They Let Me into the Saxon Garden!
Moshe Bunem Yustman, “They Let Me into the Saxon Garden!,” 1911. Translated by Daniel Kennedy
I know a man, a cultivated Jewish merchant, who in summer wears a straw panorama hat and white gloves, and in winter a plush hat with a crease on the side. He had more debts, that man, than hairs around his bald pate. At every step they hunt him, those money-hungry debt-collectors, and his only escape is the Saxon Garden.
How, you ask?
It’s quite simple. Most of his dealings are with Jews from Franciszkańska and Nalewki streets; and the majority of his creditors are merchants in long kaftans and with fabric hats with visors, who are naturally forbidden—alongside dogs—from entering the Saxon Garden; and whenever one of those creditors catches up to him on the street—shouting: “Bandit! Stop! Where’s my money!”—he argues with him, bargains with him and drags him so far along the street until he reaches one of the Saxon Garden’s seven gates at which point our cultivated merchant strides nimbly forward and saunters right inside. Then when the kaftan-wearing Jew runs after him: “Bandit! Stop! Where’s my money!” his path is blocked by a gendarme:
“Kuda? Where do you think you’re going?” and the poor fellow is left standing on the other side with a gaping mouth, arms outspread in bewilderment, and a furious glare in his eyes.
“Pashol von!—Entrance is forbidden for dogs and for kaftans!”
And I know a fellow from Nalewki Street, by all accounts an elegantly-dressed dandy, with finely styled hair, but on the top of his head he wears a small round cloth yarmulke, and this same fellow lost his finacée—a charming, pretty girl with a large dowry—all on account of the Saxon Garden. They were walking together, accompanied by a well-brought up aristocratic friend of the fiancée’s, and approaching the garden gate on Żabia Street the friancée unthinkingly, unexpectedly, turned and stepped into the garden with her friend. But when her red-faced fiancé tried to do the same, his path was naturally blocked by a gendarme, and in response to the astonished gaze of his fiancée and her friend he pointed to the brass plaque with the words “Entrance forbidden to dogs and kaftans” . . .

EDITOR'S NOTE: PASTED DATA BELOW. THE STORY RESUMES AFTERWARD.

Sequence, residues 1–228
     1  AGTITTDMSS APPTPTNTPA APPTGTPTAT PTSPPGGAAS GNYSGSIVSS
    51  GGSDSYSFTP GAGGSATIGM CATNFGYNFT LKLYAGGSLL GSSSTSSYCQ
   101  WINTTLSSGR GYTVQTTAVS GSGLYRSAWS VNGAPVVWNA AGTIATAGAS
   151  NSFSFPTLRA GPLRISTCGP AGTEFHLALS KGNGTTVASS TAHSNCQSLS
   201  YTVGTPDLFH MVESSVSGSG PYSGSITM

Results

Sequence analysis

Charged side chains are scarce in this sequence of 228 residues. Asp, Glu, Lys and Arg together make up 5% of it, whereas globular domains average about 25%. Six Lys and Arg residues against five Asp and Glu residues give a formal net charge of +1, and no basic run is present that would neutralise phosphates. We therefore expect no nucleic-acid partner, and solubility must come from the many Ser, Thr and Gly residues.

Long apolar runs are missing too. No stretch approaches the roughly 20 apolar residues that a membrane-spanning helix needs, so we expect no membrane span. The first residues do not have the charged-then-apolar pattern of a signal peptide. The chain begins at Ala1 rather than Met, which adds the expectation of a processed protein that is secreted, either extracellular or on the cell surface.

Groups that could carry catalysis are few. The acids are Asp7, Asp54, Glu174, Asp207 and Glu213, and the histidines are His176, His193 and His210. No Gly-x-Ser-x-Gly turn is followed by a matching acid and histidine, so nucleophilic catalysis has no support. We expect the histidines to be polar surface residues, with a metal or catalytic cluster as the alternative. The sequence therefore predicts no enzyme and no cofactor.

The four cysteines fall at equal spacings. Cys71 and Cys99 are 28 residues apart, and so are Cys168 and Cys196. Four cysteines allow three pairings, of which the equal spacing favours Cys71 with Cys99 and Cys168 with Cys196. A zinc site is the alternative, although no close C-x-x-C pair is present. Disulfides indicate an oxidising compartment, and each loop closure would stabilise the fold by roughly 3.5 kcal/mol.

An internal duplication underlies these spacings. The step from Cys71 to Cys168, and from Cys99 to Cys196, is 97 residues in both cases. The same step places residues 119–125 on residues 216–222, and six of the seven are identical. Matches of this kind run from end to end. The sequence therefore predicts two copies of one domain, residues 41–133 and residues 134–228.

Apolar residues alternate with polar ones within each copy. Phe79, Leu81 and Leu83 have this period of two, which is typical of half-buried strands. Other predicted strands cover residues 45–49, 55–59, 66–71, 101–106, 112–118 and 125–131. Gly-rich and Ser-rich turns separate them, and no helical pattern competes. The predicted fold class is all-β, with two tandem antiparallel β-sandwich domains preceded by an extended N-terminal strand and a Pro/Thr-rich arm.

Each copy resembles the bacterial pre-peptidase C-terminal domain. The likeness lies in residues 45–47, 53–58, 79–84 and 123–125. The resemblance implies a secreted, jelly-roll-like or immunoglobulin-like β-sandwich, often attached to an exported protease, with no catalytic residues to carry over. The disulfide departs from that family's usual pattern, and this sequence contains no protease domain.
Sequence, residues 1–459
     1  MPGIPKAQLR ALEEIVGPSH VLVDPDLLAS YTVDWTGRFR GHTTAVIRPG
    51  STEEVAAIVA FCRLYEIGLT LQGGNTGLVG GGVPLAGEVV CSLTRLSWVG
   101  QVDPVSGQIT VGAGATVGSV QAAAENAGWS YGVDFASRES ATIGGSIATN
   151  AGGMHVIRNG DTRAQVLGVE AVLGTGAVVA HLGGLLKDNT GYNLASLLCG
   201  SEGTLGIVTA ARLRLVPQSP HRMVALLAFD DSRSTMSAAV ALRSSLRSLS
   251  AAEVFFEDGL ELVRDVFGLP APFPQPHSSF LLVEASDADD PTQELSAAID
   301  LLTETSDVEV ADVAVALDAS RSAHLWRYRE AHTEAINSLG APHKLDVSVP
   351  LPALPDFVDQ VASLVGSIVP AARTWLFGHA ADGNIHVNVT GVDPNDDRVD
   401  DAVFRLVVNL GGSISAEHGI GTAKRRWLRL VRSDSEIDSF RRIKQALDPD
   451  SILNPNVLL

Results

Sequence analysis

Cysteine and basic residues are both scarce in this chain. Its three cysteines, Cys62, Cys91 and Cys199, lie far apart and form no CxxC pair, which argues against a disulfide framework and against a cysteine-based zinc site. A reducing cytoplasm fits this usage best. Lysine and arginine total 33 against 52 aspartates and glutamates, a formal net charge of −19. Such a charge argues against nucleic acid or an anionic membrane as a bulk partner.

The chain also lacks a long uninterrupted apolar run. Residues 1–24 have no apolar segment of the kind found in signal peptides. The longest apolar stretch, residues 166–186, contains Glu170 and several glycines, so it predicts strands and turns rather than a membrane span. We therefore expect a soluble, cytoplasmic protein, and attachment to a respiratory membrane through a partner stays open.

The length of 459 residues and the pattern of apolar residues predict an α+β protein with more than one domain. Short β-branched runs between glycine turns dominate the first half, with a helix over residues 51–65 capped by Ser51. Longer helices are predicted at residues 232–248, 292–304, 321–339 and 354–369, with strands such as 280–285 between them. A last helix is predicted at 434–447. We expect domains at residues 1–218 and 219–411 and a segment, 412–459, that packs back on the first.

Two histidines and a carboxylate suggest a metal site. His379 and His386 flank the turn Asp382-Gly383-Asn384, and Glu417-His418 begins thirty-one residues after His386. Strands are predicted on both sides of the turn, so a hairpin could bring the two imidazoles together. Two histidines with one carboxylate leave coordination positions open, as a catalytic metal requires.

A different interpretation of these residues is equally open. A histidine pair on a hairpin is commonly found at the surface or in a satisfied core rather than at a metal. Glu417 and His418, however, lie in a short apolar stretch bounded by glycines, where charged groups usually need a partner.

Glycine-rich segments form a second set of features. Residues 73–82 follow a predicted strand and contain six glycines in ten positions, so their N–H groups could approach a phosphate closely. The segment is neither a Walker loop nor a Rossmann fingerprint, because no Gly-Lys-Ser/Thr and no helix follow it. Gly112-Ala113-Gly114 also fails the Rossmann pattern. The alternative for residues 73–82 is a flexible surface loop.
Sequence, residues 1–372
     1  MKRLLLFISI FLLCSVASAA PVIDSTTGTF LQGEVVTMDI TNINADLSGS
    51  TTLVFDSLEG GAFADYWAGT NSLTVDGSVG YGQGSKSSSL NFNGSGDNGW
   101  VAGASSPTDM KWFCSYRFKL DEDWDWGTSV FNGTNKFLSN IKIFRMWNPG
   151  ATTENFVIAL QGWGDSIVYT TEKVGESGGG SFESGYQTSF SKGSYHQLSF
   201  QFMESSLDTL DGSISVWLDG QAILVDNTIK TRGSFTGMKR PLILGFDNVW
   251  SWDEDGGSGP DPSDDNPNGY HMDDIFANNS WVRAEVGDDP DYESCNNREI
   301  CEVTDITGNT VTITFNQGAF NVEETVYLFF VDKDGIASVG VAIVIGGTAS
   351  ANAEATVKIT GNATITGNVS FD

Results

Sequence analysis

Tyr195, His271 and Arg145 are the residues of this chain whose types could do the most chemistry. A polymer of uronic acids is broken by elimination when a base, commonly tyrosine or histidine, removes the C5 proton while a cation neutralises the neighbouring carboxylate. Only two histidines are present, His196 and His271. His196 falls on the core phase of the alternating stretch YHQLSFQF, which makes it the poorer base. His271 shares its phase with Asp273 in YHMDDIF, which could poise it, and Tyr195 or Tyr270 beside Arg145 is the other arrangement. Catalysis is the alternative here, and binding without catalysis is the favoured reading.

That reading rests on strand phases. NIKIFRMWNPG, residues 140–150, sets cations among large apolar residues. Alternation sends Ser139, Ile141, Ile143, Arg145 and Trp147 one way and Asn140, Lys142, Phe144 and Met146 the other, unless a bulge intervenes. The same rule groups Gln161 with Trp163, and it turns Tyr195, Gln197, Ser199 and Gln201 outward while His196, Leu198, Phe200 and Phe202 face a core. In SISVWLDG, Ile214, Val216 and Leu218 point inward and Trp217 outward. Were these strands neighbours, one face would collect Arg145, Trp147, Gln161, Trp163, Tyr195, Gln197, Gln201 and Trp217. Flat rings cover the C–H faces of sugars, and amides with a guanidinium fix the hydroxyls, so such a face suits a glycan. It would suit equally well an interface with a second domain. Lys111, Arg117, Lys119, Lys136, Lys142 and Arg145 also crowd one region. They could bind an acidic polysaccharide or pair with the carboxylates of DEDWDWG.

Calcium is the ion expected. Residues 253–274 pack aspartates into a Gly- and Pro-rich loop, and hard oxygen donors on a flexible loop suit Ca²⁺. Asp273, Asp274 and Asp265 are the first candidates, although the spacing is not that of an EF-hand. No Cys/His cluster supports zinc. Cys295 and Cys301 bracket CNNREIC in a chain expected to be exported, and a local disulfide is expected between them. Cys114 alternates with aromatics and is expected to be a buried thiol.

The friend smiled and the would-be bride shot an ironic look in the direction of her groom-to-be, who at that moment was frozen in a strangely foolish pose with his gaze lowered. Upon returning to her apartment the charming, graceful girl buried her head in her pillow and wept. Then, when she awoke the next morning she made up her mind and traveled back to her home. The engagement was off . . .
And so many, many sad occurrences of this kind happen every day; no poet has been born who could give voice to the lamentations of our Warsaw Kaftan-wearers, with all their sorrow and rage, pain and woe! . . .
But just picture the scene: All of a sudden, one gloomy fall morning, when everything around smelled of mud and rot, the trees stood naked, plucked bare, and the orphaned branches splashed murky, dirty drops in your face, there suddenly appeared a “manifesto”: Come kaftan-wearers and rejoice! The gates to the garden now stand open for you!